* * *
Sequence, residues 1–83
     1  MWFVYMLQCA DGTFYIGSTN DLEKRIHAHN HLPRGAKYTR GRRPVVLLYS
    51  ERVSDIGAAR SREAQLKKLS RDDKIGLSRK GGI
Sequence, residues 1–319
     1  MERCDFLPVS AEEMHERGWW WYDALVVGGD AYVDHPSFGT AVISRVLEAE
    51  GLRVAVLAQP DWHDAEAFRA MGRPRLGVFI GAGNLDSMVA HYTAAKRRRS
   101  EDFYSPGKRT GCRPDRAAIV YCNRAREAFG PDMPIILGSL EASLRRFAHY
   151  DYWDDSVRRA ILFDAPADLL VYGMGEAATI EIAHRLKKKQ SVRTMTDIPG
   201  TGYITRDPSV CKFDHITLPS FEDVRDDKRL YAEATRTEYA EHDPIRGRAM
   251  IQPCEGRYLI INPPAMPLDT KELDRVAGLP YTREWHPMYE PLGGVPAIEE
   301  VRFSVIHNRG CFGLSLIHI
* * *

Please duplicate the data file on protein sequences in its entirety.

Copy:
Sequence, residues 1–83
     1  MWFVYMLQCA DGTFYIGSTN DLEKRIHAHN HLPRGAKYTR GRRPVVLLYS
    51  ERVSDIGAAR SREAQLKKLS RDDKIGLSRK GGI
Sequence, residues 1–319
     1  MERCDFLPVS AEEMHERGWW WYDALVVGGD AYVDHPSFGT AVISRVLEAE
    51  GLRVAVLAQP DWHDAEAFRA MGRPRLGVFI GAGNLDSMVA HYTAAKRRRS
   101  EDFYSPGKRT GCRPDRAAIV YCNRAREAFG PDMPIILGSL EASLRRFAHY
   151  DYWDDSVRRA ILFDAPADLL VYGMGEAATI EIAHRLKKKQ SVRTMTDIPG
   201  TGYITRDPSV CKFDHITLPS FEDVRDDKRL YAEATRTEYA EHDPIRGRAM
   251  IQPCEGRYLI INPPAMPLDT KELDRVAGLP YTREWHPMYE PLGGVPAIEE
   301  VRFSVIHNRG CFGLSLIHI